Diabetes and COVID-19
The United States – and the world – is currently battling a pandemic. The coronavirus has taken over virtually every aspect of life for just about everyone, but there are some people who may be more vulnerable than others to COVID-19, the disease caused by the coronavirus. The Center for Disease Control and Prevention (CDC), among other institutions, reports that those already living with other medical conditions are at a higher risk of severe illness if they contract the coronavirus. One of the conditions on this list of medical conditions is diabetes, and many people with diabetes may be wondering how they should respond.
The novel coronavirus has been in the news since the beginning of the year. It is a respiratory illness that first began in the Wuhan province in China, and has since become a pandemic. The first reported case in the United States of COVID-19, the disease caused by the coronavirus, was in late January in Washington. Since then, there have been almost a half-million cases reported in the United States, with over 18,000 deaths.
Diabetes and the Immune System
Since diabetes is a disease related to insulin production, it may seem as though having it shouldn’t make people with diabetes type 1 or 2 more susceptible to developing severe symptoms with COVID-19. However, patients with either type of diabetes are generally more vulnerable to most viral infections. Blood sugar levels play a role in how the immune system responds to foreign bodies, including viruses. The risk of getting sicker is higher since the immune system offers less protection from a viral threat.
Currently, there is no empirical evidence that suggests people with diabetes are more likely to become infected with the coronavirus. Neither will they necessarily have stronger symptoms. Evidence does suggest, however, that people with preexisting conditions, in general, are more vulnerable to most diseases, including respiratory illnesses.
According to the Center for Disease Control, “COVID-19 is a new disease and there is limited information regarding risk factors for severe disease. Based on currently available information and clinical expertise, older adults and people of any age who have serious underlying medical conditions might be at higher risk for severe illness from COVID-19.”
Diabetics With Covid-19
Although there is no current evidence suggesting that a person with diabetes who also gets COVID-19 will suffer any differently than someone without a preexisting condition, if people with diabetes happen to contract the virus, they will need to take additional cautionary measures as their bodies will respond to the virus differently.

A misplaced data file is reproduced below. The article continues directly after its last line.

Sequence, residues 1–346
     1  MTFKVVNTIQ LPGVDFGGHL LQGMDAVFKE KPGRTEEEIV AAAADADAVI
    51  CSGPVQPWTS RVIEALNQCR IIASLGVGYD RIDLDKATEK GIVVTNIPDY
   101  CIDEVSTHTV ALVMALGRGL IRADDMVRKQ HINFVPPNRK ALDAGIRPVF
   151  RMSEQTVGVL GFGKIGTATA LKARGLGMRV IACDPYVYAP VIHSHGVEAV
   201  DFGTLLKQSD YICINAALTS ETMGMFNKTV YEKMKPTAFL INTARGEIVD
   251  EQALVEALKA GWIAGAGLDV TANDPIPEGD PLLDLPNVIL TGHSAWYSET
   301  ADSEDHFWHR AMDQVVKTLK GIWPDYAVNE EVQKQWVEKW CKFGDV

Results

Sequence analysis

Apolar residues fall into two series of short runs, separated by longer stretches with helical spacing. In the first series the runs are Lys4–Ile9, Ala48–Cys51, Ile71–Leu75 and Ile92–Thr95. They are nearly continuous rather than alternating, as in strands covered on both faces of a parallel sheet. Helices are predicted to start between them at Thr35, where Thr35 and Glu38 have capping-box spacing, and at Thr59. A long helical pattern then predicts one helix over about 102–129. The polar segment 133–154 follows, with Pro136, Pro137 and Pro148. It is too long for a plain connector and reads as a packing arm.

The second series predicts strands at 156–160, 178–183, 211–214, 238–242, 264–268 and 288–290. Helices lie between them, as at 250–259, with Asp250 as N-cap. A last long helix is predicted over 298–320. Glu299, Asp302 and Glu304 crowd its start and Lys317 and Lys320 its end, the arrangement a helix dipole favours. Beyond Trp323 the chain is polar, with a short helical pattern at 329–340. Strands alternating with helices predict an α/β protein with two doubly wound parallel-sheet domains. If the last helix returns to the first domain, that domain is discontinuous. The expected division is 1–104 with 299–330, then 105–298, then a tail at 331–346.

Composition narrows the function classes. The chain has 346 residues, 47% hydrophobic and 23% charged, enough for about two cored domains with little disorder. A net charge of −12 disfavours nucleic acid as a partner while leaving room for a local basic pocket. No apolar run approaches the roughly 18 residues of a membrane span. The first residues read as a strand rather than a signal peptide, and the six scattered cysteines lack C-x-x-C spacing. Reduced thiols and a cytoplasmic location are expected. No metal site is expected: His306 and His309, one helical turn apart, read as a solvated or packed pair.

- Hydration. People with diabetes are prone to becoming dehydrated more often and more quickly. High blood sugar levels lead to decreased hydration, so be sure to stock up on water, juice with no additives, and sports drinks, especially when in self-isolation.
- Flu shot. A flu shot will not protect anyone from the coronavirus. But those with preexisting conditions will particularly benefit from them because they may have one less respiratory illness to endure. People with preexisting conditions and the flu may find themselves struggling even more if they also contract COVID-19.
- Blood sugar. People with diabetes who are sick from COVID-19 need to use extra caution in maintaining blood sugar levels. For example, high blood sugar levels provide the virus more fuel to invade the body. The result is a longer, and perhaps even a more difficult recovery time.
How to Prevent Contracting Coronavirus
The Center for Disease Control and Prevention (CDC) has recommended ways to not only prevent people from contracting coronavirus but also keeping them from passing the virus on to others. The advice given by the CDC intends to inform not just those with preexisting conditions, but for everyone.
- Personal protective equipment. The first recommendation from the CDC for those who choose to go out in public do so while wearing personal protective equipment (PPE). These are items designed to protect an individual from infection, either airborne or otherwise. Face masks, for example, are an excellent way to cover up the nose and mouth to keep a person from inhaling the virus. Gloves and increased hand washing help remove the possibility of contracting the virus through direct skin contact. Gloves and face masks can also discourage touching the face.
- Social distancing. Many Americans have adopted the practice known as social distancing. The CDC urges Americans that are going out in public to do so while remaining at least six feet away from each other.
- Self-quarantine. It may be harder for some more than others, but remaining isolated from the public helps keep the virus from spreading. This may be the most effective way to prevent one’s self from becoming infected, and from infecting others. The virus generally remains with its host for up to two weeks after two days of the initial infection.These are tough times for everyone, but especially for those with preexisting conditions like diabetes. If everyone takes a little more effort to keep everyone safe, this pandemic can go away much faster.
Obesity Goes Hand in Hand with Diabetes
Nearly 90 percent of people newly diagnosed with type 2 diabetes are overweight or obese. Those who have blood glucose levels above normal but don’t yet have type 2 diabetes are considered pre-diabetic and at great risk for developing the disease. In a recently published study, weight loss surgery has been proven to reduce type 2 diabetes in three out of four patients. It works because excess weight makes it hard for your body to regulate blood sugar levels. So when you lose weight, your body is able to regain control of blood sugar levels. But weight loss surgery isn’t the end of the journey. If you regain the weight, the risk for type 2 diabetes will return.
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